Even though it’s only May, summer weather made its first appearance of the year last week in my part of the world. Hotter days and warm and muggy nights have made my mind wander to the impending arrival of summer. I’m a autumnal fanatic, a fall freak, if you will, but there’s certainly a charming splendor to summertime. Sure, the early days of summer can be a shock to the system after a cold winter and a manic spring, but then you hit that sweet spot: midsummer. There’s just something magical about that time, especially when you’re younger and it feels as if anything’s possible during those endless summer nights.
So my mind wanders some more. Thinking about that magical midsummer feeling evokes thoughts of one of my favorite Shakespeare movie adaptations, Michael Hoffman’s A Midsummer Night’s Dream (1999). It’s a beautiful looking movie that really captures that fantastical midsummer night feeling for me. It’s a comfort movie, the kind I can put on and forget my cares while watching, fully absorded in the lovely rythyms of Shakepearean dialogue and the stunning set designs. In his 1999 review for the San Francisco Chronicle Peter Stack wrote that, “Purists will quibble, but William Shakespeare’s A Midsummer Night’s Dream is a playful, sexy piece of work—just what the Bard might have conjured up for a movie adaptation of his beloved spring-fever comedy. The film is over the top—and willfully so…”
It’s also a joy to watch due to its insanely talented ensemble cast (okay, maybe Calista Flockhart isn’t insanely talented, but she’s talented and holds her own): Kevin Kline, Rupert Everett, Stanley Tucci, Sophie Marceaux, Christian Bale, David Strathairn, Roger Rees, Sam Rockwell, and—wait for it—the only woman alive in 1999 fit to play the otherworly beauty Titania, Queen of the fairies: Michelle Pfeiffer.
Michelle’s casting is, in a word, perfection. Her natural ethereal beauty, already supernatural, is further enhanced by the absolutely exquisite costume designs, hair and makeup, and lighting effects. She glows. Not just a radiant beauty, Titania is also strong-willed and powerful. In some ways, her storyline is kind of disturbing, because it’s all about her husband Oberon (Rupert Everett in the film) punishing her for having the temerity to stand up to him. No Sweat Shakespeare describes Titania’s subplot:
In that story, she has a dispute with Oberon and he punishes her by using a potion that makes her fall in love with the first creature she lays eyes on when she awakens. She wakes up and sees Bottom, who has been turned into an ass by Puck because he has been behaving like an ass. That leads to a great deal of comic content, after which the matter is resolved with the spell broken, Bottom being returned to his former condition, and Titania horrified by what has happened to her.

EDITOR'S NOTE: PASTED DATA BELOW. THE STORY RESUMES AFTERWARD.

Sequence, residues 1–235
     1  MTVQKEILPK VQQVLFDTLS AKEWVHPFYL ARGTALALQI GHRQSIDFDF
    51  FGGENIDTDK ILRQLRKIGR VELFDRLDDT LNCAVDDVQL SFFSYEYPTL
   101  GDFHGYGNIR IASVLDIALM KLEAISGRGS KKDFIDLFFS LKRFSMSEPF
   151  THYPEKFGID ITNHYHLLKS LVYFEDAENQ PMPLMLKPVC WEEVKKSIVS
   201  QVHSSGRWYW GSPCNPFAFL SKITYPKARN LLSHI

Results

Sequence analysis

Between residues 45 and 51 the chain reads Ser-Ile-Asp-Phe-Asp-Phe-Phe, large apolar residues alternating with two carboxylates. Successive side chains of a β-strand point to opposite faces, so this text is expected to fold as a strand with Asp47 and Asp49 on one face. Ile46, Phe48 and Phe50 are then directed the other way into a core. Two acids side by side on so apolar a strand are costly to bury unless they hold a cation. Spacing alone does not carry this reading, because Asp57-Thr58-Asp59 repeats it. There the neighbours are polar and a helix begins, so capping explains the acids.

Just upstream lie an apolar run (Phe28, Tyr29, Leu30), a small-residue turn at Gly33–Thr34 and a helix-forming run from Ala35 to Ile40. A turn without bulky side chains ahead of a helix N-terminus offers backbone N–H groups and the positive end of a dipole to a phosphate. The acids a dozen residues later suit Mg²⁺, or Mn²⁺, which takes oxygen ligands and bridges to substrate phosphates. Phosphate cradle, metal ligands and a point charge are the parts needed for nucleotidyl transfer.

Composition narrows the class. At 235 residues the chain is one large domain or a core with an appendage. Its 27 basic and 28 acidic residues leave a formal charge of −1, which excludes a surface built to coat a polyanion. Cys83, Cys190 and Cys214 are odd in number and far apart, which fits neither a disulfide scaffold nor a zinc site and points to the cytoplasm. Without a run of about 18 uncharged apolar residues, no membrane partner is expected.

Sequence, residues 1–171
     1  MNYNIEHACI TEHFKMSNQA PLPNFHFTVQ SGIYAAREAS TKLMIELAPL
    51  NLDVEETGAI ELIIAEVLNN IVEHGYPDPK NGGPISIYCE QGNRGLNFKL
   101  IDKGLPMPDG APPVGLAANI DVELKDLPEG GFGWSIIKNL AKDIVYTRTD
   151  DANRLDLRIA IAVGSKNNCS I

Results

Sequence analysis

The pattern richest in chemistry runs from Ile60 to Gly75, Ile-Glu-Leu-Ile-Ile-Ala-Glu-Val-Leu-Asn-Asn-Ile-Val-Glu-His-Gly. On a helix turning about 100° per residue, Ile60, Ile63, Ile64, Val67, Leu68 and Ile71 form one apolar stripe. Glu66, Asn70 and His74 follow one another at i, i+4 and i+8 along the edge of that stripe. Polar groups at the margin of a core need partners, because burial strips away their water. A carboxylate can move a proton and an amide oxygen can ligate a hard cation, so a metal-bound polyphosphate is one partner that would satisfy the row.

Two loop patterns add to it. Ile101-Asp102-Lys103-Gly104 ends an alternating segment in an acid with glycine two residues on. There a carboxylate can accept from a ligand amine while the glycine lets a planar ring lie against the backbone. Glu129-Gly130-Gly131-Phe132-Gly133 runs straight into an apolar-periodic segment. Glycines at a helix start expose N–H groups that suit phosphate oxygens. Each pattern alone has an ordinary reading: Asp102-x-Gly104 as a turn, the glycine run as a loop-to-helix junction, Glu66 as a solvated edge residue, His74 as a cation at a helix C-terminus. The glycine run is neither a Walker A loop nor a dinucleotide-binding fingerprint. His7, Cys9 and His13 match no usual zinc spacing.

Reading the descriptoin might make you wince, but this being a Shakespearean comedy, all of this love potion nonsense is played for laughs, much in the way it would be in the funny and sweet 1992 Sandra Bullock-Tate Donovan film Love Potion No. 9. And Michelle and Kevin Kline, who plays Bottom, have such sparkling chemistry that it’s all a pure delight to watch. Whenever it cuts away from their scenes, I instantly want more. The actors seem like they had a wonderful time shooting their scenes together.
Michelle isn’t the only gorgeous part of A Midsummer Night’s Dream, though. The entire film is gorgeous. Poduction designer Luciana Arrighi, art directors Maria Teresa Barbasso, Andrea Gaeta, Gianni Giovagnon, set decorator Ian Whittaker, costume designer Gabriella Pescucci, and the entire makeup department deserve a special notice for their work. The movie’s overall beauty is a large part of what makes it comfort viewing for me, besides the playful dialogue, of course. Some films make you want to live inside the worlds they create; this is one such film for me. One of the reasons summer nights from our youth take on such a nostalgic glow over time is because our memories of those beautiful, starlit evenings grow and expand into epic, cinematic events. This film really captures that. Titania’s forest scenes feel lush and dreamlike, the sort of place you want to linger in for all time because it soothes you. And if Michelle as Titania is there to keep you company and tell you, “Out of this wood do not desire to go,” well then, all the better.
In Michelle’s filmography, A Midsummer Night’s Dream stands alongside some other oft-overlooked comfort favorites of mine, like One Fine Day (1996) and Stardust (2007), both of which I really need to write about here sometime. For now, all this waxing nostalgic about magical summer nights has cinched it for me: I’m definitely scheduling another viewing of the film this summer—in late July or early August, appropriately.